• Patella Resurfacing
  • No resurfacing
  • Valgus Osteoarthritis (Knocked Kneed <)
  • +++
  • -
  • Varus Osteoarthritis (Bow legged)
  • +++
  • +(+)
  • Morbid Obesity, Male Patient
  • +
  • +++
  • Morbid Obesity, Female
  • +
  • ++
  • Heavy Construction work
  • +
  • +++
  • Heavy Work out in the gym
  • +
  • ++
  • Ballett oder Yoga
  • +++
  • +
  • Tennis
  • +++
  • +
  • Golf and other low impact activities
  • +++
  • +

How can I avoid stiffness?

Most of our patients will have excellent range of motion at 4-8 weeks after surgery. Our data suggest that the average range of motion after total knee replacement in our practice is more than 125 degrees. However, during the first few weeks the knee will always feel tight and stiff. That is normal. Patients can get into trouble if they are to active to early. We recommend to not walk outside the house until the swelling is down and you can fully extend the knee and bend at least 120 degrees. Do not walk too much and do not work on strength until your range of motion is 120 degrees.

Should I wait as long as possible to have my knee replacement surgery?

Do not wait as long as possible! Dr. Boettner recommends regular follow-up visits every 3 to 6 months if you are a patient with bone-on-bone arthritis in order to monitor the degree of deformity, the amount of bone loss from the arthritis and the degree of stiffness. In general, you can live with an arthritic knee until you feel that you no longer can handle the pain and functional disability; however, if your knee starts to get stiff, if the deformity increases (more bowing or knocked knee appearance) or if you develop progressive bone loss, Dr. Boettner might recommend to proceed with knee replacement surgery right away. Especially patients with preoperative stiffness should consider undergoing surgery sooner rather than later because preoperative stiffness is a very important predictor for postoperative range of motion and waiting until the last minute with a very stiff knee can have significant impact on your functional outcome after surgery. Please discuss this with Dr. Boettner to make sure that continuing non-operative treatment is the appropriate way to handle your arthritic knee.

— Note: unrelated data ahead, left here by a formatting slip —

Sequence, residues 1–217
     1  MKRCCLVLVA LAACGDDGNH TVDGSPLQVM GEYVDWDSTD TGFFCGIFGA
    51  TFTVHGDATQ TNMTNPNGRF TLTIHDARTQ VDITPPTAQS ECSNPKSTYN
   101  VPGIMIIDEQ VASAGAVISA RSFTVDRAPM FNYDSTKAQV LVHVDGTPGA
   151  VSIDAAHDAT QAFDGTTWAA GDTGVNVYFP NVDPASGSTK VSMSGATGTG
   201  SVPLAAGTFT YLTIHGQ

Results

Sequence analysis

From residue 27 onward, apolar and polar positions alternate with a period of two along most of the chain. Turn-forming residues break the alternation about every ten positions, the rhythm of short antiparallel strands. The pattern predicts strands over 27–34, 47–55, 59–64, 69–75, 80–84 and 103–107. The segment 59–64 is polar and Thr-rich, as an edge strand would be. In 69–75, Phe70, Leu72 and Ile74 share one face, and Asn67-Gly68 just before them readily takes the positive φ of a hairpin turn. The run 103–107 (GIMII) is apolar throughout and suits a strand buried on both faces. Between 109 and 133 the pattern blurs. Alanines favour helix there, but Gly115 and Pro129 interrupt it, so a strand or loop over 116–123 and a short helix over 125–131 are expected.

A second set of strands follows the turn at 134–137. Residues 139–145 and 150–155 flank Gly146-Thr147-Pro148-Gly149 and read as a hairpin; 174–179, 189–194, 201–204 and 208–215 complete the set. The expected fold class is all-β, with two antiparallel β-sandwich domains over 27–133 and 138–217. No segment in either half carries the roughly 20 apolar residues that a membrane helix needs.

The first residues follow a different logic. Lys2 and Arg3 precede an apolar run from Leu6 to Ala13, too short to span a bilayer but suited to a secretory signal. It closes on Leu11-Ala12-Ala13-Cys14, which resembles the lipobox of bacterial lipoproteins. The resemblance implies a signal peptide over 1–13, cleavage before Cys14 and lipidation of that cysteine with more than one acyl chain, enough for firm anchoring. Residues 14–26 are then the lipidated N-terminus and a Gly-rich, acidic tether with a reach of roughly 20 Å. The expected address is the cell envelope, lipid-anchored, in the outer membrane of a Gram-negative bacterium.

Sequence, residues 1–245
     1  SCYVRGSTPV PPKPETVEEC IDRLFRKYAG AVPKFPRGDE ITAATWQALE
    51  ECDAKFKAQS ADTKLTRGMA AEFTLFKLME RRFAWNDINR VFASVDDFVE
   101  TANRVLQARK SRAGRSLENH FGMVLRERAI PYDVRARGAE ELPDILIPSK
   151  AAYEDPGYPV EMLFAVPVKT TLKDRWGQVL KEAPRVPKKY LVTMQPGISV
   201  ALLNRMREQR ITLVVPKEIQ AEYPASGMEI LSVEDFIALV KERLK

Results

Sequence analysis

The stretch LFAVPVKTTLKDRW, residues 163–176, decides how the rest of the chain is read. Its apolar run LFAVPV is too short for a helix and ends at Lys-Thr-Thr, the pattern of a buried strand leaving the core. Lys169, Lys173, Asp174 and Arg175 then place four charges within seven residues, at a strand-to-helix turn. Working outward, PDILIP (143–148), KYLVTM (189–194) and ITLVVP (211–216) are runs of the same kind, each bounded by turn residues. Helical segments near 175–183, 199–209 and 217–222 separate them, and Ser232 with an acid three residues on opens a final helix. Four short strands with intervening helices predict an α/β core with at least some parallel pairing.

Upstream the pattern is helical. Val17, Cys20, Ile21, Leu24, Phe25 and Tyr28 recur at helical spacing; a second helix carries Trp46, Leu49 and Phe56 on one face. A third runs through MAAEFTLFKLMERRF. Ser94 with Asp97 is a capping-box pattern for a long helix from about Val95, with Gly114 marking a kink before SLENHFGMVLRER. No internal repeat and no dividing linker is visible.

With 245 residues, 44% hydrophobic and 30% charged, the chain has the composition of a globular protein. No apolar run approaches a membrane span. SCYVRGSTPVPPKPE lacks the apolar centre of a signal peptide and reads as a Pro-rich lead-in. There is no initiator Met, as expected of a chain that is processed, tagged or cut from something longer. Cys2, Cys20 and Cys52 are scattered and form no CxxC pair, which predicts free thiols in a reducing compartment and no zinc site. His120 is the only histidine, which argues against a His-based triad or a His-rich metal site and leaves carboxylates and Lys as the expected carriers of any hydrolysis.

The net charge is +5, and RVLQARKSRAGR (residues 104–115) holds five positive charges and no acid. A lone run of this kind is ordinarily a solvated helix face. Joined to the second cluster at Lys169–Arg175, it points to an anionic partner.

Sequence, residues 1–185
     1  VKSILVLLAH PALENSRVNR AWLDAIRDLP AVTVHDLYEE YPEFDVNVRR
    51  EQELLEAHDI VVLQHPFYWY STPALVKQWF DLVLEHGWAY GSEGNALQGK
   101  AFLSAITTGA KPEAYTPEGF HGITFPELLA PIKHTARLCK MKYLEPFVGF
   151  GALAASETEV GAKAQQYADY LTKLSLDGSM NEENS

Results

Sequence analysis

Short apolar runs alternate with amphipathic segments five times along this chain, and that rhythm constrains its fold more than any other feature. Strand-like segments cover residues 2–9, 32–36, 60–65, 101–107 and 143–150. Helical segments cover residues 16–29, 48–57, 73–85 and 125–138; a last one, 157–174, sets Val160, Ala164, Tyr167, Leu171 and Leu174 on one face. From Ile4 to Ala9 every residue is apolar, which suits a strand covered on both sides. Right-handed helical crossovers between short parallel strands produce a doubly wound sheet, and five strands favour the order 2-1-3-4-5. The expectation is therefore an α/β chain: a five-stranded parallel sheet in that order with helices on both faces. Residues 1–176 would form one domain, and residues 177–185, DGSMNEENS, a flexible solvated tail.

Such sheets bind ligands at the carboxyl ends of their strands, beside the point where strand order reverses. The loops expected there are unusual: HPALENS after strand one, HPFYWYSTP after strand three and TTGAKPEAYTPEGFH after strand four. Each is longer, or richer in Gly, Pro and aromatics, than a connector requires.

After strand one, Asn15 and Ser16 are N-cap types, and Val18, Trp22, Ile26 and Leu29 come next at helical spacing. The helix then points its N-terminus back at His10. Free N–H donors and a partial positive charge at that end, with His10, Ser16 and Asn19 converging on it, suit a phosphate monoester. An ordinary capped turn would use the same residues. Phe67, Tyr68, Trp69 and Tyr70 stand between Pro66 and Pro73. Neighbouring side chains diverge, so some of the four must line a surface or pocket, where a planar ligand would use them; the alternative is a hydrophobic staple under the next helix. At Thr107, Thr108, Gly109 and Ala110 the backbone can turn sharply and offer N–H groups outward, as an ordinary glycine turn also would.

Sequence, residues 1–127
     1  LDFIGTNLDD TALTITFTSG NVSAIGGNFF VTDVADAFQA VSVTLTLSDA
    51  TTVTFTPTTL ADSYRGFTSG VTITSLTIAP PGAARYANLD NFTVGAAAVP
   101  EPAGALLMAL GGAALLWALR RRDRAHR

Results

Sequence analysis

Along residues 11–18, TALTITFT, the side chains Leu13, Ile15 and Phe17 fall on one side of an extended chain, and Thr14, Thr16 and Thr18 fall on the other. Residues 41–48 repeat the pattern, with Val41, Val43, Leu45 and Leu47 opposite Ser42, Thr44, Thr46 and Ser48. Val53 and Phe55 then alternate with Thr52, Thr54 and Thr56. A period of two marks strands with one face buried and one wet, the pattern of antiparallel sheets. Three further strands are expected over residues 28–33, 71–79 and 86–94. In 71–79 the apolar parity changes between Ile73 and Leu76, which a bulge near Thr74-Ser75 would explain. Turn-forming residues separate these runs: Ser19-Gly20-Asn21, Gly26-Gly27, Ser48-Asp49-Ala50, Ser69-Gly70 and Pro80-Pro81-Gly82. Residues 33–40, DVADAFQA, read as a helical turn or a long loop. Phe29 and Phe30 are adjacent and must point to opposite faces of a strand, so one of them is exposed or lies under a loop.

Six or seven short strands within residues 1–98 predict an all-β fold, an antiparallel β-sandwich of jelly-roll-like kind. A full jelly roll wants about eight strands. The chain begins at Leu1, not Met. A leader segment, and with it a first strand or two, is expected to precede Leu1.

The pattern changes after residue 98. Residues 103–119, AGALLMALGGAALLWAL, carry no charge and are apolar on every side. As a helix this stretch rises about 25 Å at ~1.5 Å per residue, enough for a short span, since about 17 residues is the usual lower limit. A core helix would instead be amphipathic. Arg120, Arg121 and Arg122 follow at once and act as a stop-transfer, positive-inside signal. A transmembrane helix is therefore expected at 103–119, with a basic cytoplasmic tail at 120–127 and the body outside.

One last word.

Total knee replacements have not the best reputation and some patients are concerned about the pain that can be associated with surgery. Patients are also worried not to achieve the desired activity level after the surgery. Dr. Boettner specializes in knee replacement surgery; our surgical technique and perioperative pain management are aimed at keeping you comfortable throughout the recovery. We utilize minimal invasive surgical techniques, apply medications to minimize blood loss, use pain medications already before the surgery to make sure you do not experience severe pain and use an intraoperative cocktail injected into the knee tissues to minimize postoperative pain and swelling. Not doing the surgery when it is indicated is not a smart alternative. Let’s discuss your concerns and I am sure you will feel that you can trust us with your care.

Back in the game patient’s stories:

Please find our back in the game stories on the HSS website. backinthegame.hss.edu/

Why should I have my surgery at the Hospital for Special Surgery?

Please find more information about the Hospital for Special Surgery here www.hss.edu/reasons-to-choose-hss.asp

If you are suffering from debilitating hip pain or hip arthritis or have been told you need a total hip replacement we are happy to see you in one of our office locations in Manhattan, Uniondale Long Island or White Plains Westchester. Dr. Boettner is a hip replacement specialist with more than 10 years of experience. Being able to perform both anterior and posterior approach hip replacement as well as resurfacing he will offer you a tailored approach for your individual situation. To contact the office please , send an email to [javascript protected email address] or schedule an appointment by using the form on this website.


Learn more about total hip replacement at hss.edu link: www.hss.edu/condition-list_knee-replacement.asp